A top administrator will launch an educational program about sexual violence for GW athletes this fall, an effort she said will help her reach hundreds of undergraduates.
Tara Pereira, who addresses sexual harassment and discrimination at GW, said she will hold workshops about how to prevent and recognize instances of sexual violence, outlining possible scenarios they could face as students or athletes.
It’s part of an effort to focus on large groups to spread awareness about one of the biggest issues on college campuses, Pereira said. She’s also held similar workshops for student organizations, Greek chapters and House staff at their request.
She said her outreach will focus on the first two months of classes – known as a “red zone” for high instances of substance abuse and sexual assault. Athletes, Greek life members and freshmen are most frequently involved in alcohol abuse and sexual assaults nationally, she added.
Athletic departments across the country have also zeroed in on the issue of sexual assault after high-profile legal battles have spotlighted how colleges have handled those types of cases.
Four athletes at Morehouse College were arrested for two separate reported sexual assaults in May. At the University of Montana, the Department of Justice opened an investigation last year into 11 cases involving athletes, which all allegedly occurred within an 18-month time frame.
Pereira said schools with a stronger sport culture tend to have more cases brought against athletes, but those numbers also depend on whether students report rape – a phenomenon that drags down sexual assault numbers nationwide.
At GW, student athletes have not necessarily been more likely to face accusations, she said.
“For our athletes, there has not been specific series of events and cases that brought any additional worry to our attention than anyone else,” said Pereira, who oversees GW’s compliance with the anti-discrimination law Title IX.
Her office created an educational program last year with Director of Athletics and Recreation Patrick Nero, which he made mandatory for his entire about 75-member staff. Mary Jo Warner, senior associate athletics director, said GW plans to loop in additional staff this semester.
“Future sessions are to-be-determined, but there will be a continuing education element, as well as training for new staff and student-athletes,” Warner wrote in an email.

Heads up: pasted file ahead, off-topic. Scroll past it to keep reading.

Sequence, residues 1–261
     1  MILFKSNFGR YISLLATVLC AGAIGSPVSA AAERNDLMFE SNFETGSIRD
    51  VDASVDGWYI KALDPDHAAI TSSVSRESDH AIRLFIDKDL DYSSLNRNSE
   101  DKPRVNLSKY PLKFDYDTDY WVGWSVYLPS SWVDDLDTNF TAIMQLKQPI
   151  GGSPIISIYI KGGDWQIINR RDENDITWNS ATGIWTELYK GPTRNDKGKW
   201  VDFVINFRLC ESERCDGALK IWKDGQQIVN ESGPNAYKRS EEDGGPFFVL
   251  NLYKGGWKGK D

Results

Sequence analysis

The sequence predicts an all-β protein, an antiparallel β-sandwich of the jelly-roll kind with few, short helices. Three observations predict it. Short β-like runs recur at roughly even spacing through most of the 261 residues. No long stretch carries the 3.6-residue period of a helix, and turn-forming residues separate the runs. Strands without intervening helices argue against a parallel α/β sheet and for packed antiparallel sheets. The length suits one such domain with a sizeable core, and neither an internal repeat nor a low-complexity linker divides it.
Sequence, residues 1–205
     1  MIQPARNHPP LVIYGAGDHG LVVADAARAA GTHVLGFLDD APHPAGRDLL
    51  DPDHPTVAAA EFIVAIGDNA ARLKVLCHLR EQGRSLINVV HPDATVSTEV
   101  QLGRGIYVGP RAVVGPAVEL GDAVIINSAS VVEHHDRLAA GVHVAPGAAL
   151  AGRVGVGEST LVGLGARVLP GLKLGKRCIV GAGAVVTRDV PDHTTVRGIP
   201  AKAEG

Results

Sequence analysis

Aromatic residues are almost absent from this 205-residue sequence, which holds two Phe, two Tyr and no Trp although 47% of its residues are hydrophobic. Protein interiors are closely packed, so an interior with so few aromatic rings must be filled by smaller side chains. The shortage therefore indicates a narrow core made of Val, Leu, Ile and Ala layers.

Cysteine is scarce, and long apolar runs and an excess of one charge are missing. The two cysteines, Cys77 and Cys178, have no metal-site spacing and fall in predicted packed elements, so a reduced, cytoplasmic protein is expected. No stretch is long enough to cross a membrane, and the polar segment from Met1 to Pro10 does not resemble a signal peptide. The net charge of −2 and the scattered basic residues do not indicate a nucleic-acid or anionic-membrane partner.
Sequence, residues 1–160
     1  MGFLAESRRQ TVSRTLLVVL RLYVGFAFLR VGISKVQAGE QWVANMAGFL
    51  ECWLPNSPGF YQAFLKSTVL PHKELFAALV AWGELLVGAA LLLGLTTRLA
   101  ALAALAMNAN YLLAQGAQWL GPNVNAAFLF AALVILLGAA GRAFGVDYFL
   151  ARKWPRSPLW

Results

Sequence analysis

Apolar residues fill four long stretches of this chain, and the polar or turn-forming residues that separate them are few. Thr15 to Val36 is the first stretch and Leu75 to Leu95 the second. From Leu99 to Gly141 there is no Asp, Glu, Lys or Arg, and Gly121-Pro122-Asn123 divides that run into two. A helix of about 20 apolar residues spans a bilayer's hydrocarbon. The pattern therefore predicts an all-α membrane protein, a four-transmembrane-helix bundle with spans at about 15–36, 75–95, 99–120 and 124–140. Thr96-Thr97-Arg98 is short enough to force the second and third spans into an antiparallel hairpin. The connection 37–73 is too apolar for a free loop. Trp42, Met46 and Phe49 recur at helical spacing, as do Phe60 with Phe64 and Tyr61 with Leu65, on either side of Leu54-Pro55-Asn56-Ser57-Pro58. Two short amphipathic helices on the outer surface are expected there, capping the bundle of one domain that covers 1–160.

GW students have also reached out to athletes, recruiting them for sexual assault awareness campaigns.
Matthew Scott, the president of Students Against Sexual Assault, or SASA, said he decided to work more with athletes after the department helped make a public service announcement about violence against women last year. GW Athletics partnered with GW’s Global Women’s Institute for the project and shows the video at every basketball game.
Collaborating with athletes, he said, is “a great opportunity to really work across communities and partner with a bunch of students who do care about these things but who aren’t really necessarily approached a lot.” It also coincides with the University’s effort to train athletics staff on how to respond to crises like sexual assault.
A handful of student-athletes worked with the organization this summer to put up posters for ASK DC, a smartphone application that provides resources to sexual violence victims. SASA participated in a campaign last year for a similar application geared toward D.C. students.
Ted Costigan, the athletics department’s life skills coordinator, said in an email that Scott’s campaign gives athletes an opportunity to fulfill their 10-hour community service requirement, which Nero initiated last year. The department was one of the first in college sports to mandate community service.
“Service is a significant component of being a GW student-athlete and this program falls in line with a number of areas in which we want our student-athletes to be leaders on campus,” Nero said in an email about the SASA campaign.
Scott said athletes will also have community service opportunities through SASA’s collaboration with organizations like My Sister’s Place, a domestic violence shelter, and the Rape, Abuse and Incest National Network.
Scott said he hopes to grow the number of male members this year.
“A lot of people have been surprised that I’m a male president of a Students Against Sexual Assault because you don’t see that at other universities,” Scott said. “And so my hope is to get guys more involved because I think that’s really what we need in general and if it’s male athletes, even better.”
This article appeared in the September 9, 2013 issue of the Hatchet.